Israeli security chiefs modify assessment on Syrian war
Author: Ben Caspit Posted February 11, 2014
It took quite some time, but eventually the Israel Defense Forces (IDF) changed its strategic assessment about Syria. We are talking about a dramatic change. Reminder: when the revolt in Syria broke out, all of Israel — be it the official, the secretive, the military or the diplomatic one — openly supported the rebels, eagerly awaiting the fall of Syrian President Bashar al-Assad. Then-Defense Minister Ehud Barak said in an interview, “Assad [the family] would fall in a matter of weeks.” On Israeli television channels, a news ticker constantly flickered at the bottom of the screen, reading: “Assad — the end!” A few months later, a question mark replaced the exclamation point in that ticker.
From an Israeli perspective, the fall of Assad’s regime would have led to the disbanding of the “axis of evil” that spans from Tehran to Beirut via Damascus. Most Israeli strategists would not sleep a wink because of it. If Syria were to fall, Iran would be isolated and Hezbollah neutralized. This would also affect the nuclear race and the balance of power vis-a-vis Israel. That was the thought in Israel back in the day.
The Syrian revolt is now three years old. Despite a rough infancy, it is maturing right before our eyes, with no intention of leaving anytime soon. Israel’s strategic assessment has changed from a “few weeks” to much longer. At this juncture, Israel Defense Forces top brass believe that the struggle in Syria could last as long as a decade. Wording this cautiously, a very high-ranking Israeli defense official told me: “We’re facing a decade of struggle in the Syrian environs.” Either way, Israel believes that the Syria we had come to know over the past few decades is gone. That Syria — where a balanced and complex coalition of minorities was able to maintain a stable, quiet and seemingly cohesive state — is a thing of the past. What will replace it? This is precisely what the battle, which could last for many years, is all about.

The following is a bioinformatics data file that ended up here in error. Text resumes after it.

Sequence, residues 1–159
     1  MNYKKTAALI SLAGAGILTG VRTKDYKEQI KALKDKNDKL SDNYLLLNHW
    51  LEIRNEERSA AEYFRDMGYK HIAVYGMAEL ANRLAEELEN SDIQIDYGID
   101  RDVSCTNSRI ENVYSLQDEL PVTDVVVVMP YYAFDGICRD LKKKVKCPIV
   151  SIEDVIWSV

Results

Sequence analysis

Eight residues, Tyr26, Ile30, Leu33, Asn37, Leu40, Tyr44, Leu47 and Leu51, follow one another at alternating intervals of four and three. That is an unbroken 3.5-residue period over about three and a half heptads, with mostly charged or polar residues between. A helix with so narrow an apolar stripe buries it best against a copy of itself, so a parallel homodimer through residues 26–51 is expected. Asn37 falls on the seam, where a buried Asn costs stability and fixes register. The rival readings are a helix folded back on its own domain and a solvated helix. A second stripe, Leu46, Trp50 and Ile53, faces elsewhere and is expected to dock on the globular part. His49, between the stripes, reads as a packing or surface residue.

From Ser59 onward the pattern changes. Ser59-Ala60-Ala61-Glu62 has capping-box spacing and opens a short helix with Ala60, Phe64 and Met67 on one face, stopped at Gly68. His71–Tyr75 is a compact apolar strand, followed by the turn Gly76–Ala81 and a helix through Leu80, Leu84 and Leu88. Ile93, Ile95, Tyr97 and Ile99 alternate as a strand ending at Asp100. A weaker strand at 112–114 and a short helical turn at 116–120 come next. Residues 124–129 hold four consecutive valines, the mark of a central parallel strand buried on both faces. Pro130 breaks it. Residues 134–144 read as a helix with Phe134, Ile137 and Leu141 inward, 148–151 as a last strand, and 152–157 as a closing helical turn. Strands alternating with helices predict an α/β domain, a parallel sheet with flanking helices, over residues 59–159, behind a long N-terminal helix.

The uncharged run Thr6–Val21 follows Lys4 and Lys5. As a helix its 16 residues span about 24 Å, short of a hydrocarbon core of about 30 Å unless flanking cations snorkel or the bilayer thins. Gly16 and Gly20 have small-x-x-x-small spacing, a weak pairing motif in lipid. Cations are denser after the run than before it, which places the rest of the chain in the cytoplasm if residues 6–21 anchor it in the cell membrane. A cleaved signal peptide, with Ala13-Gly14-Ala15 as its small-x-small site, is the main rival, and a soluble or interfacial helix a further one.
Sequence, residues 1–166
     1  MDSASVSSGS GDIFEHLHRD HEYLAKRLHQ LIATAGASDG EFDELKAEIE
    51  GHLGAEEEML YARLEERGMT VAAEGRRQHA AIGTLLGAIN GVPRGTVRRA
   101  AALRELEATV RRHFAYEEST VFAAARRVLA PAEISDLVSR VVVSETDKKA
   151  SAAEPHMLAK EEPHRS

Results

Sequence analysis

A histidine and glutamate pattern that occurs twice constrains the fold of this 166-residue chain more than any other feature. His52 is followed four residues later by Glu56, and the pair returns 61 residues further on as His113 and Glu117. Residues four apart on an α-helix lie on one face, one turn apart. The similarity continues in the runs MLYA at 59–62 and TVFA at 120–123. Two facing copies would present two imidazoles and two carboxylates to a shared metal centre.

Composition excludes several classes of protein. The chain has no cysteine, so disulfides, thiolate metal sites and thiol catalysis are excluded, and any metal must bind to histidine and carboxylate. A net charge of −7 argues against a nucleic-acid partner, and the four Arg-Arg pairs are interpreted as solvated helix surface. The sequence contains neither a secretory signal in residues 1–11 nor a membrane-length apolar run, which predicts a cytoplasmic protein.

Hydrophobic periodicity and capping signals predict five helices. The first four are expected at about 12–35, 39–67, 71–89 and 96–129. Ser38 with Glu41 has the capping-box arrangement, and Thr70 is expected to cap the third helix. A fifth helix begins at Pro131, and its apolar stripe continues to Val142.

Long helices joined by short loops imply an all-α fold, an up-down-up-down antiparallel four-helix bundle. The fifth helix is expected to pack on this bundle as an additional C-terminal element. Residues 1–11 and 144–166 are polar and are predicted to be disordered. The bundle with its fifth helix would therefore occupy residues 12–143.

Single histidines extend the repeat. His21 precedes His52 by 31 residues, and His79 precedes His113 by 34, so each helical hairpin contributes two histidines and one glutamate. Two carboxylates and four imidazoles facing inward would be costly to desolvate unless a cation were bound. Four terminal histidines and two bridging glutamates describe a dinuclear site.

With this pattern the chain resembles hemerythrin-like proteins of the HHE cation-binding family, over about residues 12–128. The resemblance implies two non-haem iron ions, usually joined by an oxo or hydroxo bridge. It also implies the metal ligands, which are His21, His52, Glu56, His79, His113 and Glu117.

“It’s like flipping a coin,” a senior IDF official commented. “Either way, the result would be bad. A victory of a Russian-backed radical axis that consists of Iran-Syria-Hezbollah is not a positive thing for Israel. But on the other hand,” he added, “the concentration of all the global jihad madmen in Damascus and the Golan Heights is also a disconcerting development. So as far as we’re concerned, the alternatives are bad either way. And there’s also the possibility that these alternatives would coexist, which means that the current situation could last for many more years. Assad will keep his grip in Damascus and the Alawite strongholds, while jihadist forces will grow stronger and take control of all the other areas.”
The talk with the senior Israeli official took place before the Jan. 22 Geneva conference on Syria. “There will be more conferences in Geneva,” he predicted. “There will be Geneva II, and maybe also III, IV and V. This crisis is here to stay. The question is not so much whether Assad will fall or survive, but rather whether he will be able to regain control of a Syria we once knew. At present, the answer is negative. The once-powerful central government, which was able to hold together the country’s ethnic groups and provinces, is gone. In the future, we will see Syria disintegrating in one fashion or another. Either it will be divided into two or three cantons, perhaps a few more, or there will be some center that is connected in one form or another to a few provinces. Assad’s system was the only one that was able to hold Syria together, and it is that very system that enables him to survive to this day. Almost all the minorities and groups operating in Syria know that the only way to preserve their relative freedom and relatively safe way of life is to stick with Assad. All the other alternatives seem worse. That’s Assad’s secret. People are not fighting for the Assad family but for their own sake.”